CZLT: Thank you ! It's okay, I had to truncate a small part of the work because it is not perfectly symmetrical while the square format of the LP encourages either a perfectly centered image or an off-center, provided that the image has several magnetic poles. In 'Sacrifice', there is a very strong vertical midline, so there's no other way.


Got it. Having listened through ‘Solar Drone’ several times now, I’d argue that ‘Sacrifice’ is more than an extension of the music, rather a crucial component of the release that invites listeners into the new life you breathe into ‘The Conference of the Stars’. Given the complexities and excellence in atmosphere that your compositions embody, how significant do you feel that the visual component is to your records?


CZLT: Absolutely. For me, the visual element is extremely important (I am a painter and a self-taught graphic designer at the same time, haha). It is often the first encounter with a record, if it's ugly, there are chances to miss it. Personally, I sometimes choose records from their sleeve without knowing what. If things are well thought out and completely honest (because there are also deceptions), then the wallet becomes a clear and effective mode of communication, instantaneous. In addition, it can open up other aesthetic and symbolic horizons, it can strengthen a tribalized community around a genre, etc. Sometimes, when listening to the record, for example, the covers can give us something back that we lost in museums: spending time looking at an image.


The power of art is truly profound, and even more so when paired with music just as impactful. That said, Neptunian Maximalism is truly the epitome of a unified collective. The sonic interplay between you all coalesces into one varied entity. Aside from the obvious camaraderie present here, how does this all come together in terms of composition?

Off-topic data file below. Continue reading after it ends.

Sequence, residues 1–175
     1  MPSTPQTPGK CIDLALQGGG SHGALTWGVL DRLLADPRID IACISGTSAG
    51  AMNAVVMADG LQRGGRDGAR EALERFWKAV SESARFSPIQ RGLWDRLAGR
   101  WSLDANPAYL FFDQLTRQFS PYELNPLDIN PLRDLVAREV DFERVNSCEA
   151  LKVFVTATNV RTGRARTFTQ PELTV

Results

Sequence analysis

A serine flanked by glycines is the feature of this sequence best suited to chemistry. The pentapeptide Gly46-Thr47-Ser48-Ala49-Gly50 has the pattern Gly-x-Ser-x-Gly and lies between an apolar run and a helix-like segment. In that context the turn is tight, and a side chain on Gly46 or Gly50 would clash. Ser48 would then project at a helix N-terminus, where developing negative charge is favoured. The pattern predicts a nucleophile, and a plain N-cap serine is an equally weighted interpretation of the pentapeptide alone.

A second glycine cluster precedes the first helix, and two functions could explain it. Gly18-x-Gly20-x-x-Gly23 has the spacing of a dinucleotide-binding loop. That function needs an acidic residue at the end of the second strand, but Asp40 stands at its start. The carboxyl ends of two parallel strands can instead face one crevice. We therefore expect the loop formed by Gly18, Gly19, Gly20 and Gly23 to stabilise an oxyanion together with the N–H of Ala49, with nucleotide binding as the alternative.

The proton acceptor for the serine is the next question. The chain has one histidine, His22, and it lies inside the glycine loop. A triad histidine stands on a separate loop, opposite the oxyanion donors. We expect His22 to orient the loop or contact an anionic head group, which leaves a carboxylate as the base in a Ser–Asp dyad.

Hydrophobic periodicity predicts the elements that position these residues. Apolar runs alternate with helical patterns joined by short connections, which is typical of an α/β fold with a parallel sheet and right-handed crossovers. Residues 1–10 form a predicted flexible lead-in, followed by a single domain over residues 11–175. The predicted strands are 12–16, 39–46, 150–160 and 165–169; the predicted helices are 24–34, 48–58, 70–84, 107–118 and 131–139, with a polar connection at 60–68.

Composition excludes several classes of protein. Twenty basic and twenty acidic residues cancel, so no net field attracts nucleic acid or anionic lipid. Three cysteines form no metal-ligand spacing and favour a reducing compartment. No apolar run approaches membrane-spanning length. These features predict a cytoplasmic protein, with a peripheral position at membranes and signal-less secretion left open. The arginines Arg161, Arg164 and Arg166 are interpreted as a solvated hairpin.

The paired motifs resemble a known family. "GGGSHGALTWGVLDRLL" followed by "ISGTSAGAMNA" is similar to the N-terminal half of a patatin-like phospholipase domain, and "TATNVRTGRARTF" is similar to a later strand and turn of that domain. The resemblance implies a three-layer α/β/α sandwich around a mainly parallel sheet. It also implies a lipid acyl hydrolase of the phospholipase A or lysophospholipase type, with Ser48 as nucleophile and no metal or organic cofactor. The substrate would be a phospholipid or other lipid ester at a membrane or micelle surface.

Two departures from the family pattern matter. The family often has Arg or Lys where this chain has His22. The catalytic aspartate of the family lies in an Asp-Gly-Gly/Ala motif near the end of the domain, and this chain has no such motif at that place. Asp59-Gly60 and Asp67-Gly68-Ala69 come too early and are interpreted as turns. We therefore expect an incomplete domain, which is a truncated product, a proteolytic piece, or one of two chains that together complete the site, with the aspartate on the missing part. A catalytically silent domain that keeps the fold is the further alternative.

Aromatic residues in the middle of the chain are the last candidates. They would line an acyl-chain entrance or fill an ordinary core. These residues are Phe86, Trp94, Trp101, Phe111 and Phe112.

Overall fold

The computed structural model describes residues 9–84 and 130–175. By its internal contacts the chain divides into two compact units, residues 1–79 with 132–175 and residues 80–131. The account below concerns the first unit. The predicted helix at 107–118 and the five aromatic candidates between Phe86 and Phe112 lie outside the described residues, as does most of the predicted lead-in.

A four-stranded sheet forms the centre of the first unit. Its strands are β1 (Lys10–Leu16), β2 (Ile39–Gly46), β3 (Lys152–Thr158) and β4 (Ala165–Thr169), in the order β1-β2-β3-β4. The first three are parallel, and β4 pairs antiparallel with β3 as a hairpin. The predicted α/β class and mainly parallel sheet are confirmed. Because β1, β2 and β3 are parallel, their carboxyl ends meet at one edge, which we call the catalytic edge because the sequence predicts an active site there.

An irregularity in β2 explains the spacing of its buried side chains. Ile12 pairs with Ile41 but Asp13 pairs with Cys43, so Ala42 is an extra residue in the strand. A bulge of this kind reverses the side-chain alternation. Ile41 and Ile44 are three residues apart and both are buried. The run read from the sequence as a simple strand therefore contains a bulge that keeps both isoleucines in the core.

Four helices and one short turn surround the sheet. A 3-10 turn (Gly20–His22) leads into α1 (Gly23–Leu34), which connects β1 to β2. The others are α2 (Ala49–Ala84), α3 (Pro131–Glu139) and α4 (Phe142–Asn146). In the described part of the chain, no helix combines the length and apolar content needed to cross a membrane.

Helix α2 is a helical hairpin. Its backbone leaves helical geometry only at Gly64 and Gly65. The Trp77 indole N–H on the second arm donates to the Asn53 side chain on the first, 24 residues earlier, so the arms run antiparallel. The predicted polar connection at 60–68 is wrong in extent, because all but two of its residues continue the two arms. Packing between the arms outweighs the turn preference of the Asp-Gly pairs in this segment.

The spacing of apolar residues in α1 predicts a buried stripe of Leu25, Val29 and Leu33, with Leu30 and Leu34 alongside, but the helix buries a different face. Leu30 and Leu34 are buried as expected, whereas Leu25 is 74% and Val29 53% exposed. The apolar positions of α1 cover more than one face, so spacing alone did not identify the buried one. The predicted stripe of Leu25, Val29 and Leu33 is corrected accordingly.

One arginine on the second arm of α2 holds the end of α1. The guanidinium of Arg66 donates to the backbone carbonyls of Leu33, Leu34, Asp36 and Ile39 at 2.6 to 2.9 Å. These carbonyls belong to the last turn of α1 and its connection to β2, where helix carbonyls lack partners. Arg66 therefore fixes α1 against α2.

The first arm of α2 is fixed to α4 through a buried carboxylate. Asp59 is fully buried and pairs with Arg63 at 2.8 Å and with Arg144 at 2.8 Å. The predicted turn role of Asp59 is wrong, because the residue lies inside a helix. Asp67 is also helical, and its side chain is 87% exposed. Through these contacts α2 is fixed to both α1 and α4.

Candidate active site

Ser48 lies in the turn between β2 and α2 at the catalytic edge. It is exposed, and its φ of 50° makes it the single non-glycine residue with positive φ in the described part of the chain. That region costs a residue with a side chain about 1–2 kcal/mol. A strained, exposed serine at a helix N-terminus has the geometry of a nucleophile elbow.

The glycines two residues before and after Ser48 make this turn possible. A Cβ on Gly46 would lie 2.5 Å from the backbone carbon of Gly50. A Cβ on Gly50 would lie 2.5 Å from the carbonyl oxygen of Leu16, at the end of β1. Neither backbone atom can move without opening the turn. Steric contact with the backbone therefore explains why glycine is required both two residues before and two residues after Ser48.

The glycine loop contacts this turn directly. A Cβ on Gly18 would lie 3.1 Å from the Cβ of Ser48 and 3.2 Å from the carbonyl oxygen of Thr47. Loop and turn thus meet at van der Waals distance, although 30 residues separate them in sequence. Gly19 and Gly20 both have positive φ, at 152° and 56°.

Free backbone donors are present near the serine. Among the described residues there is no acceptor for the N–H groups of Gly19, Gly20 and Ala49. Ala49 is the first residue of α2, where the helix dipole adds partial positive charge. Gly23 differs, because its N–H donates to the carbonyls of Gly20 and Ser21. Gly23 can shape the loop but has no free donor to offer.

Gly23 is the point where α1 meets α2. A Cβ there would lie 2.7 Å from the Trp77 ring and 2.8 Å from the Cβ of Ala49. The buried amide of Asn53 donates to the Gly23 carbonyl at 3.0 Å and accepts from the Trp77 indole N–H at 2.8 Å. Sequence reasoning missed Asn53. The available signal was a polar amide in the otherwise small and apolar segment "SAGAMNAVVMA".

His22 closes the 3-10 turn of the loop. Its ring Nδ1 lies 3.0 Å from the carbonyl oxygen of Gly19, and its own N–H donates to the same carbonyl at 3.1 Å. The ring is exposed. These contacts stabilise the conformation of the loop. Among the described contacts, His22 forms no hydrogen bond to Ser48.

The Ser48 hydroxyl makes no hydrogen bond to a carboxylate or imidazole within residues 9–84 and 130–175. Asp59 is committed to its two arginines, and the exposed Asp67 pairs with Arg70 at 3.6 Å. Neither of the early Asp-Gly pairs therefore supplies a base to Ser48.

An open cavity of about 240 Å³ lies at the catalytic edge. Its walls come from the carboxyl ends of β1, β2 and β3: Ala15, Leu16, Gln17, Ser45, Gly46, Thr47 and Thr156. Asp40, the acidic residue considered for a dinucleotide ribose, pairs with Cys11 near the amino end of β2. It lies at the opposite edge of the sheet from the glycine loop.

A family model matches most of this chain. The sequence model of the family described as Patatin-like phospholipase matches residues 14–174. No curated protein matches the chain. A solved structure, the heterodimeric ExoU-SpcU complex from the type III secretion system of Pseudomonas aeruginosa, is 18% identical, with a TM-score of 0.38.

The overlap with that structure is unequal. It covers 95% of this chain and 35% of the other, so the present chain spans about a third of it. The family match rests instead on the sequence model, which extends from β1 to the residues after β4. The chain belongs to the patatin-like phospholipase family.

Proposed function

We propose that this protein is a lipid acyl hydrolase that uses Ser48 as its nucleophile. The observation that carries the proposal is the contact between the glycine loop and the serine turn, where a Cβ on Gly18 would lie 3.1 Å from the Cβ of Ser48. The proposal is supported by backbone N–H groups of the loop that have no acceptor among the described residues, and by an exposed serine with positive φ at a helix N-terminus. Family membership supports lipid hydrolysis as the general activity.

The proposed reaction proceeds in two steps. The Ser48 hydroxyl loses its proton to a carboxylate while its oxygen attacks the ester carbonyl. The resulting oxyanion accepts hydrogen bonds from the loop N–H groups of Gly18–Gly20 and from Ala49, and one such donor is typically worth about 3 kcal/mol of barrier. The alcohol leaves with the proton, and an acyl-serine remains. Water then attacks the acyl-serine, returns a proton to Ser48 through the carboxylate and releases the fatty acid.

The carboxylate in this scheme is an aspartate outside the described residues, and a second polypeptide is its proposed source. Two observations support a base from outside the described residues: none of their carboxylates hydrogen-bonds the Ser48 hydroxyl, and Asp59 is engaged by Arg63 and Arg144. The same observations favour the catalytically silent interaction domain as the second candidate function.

CZLT: We did not really compose, but performed songs originally from a free improvisation. We have just defined a few basic rules to be able to unleash the potential for improvisation within this reinterpretation. The more time passes, the more we move away from the first idea and the very first attempts at reinterpretations. This work will continue to evolve over time for musicians who will lend themselves to the exercise. In fact, it is as if we are delivering our laboratory in the process of making itself more than a finished product.


That's a neat way of looking at it. Hervé, in the true DIY punk spirit, you taught yourself how to paint and have harnessed from France’s rich art culture using your mother’s supernatural tastes. Looking back at your transition from musician to artist decades ago, how would you analyze your ability to learn and grow on your own terms, especially given how complex and arrayed projects like ‘Sacrifice’ have proved to be in years past?


Flament: When you have a true passion, I think you can learn even the most difficult science by yourself. With assiduous work, you may achieve your goal, whatever it is. I first was a musician, but in a country like France, playing in a rock 'n' roll band and hoping to live on it is pretty inconceivable. After a while, my band had no more record contracts and at that period, making records cost a lot of money, which I didn't have. So, I had to find another way of creation. I could have become a writer, but I chose to paint. For three years after 1984, I painted eight hours a day, learning art by doing paintings daily. I learned this way to draw by painting nudes, perspective, and animals. Passion is the key, nothing else!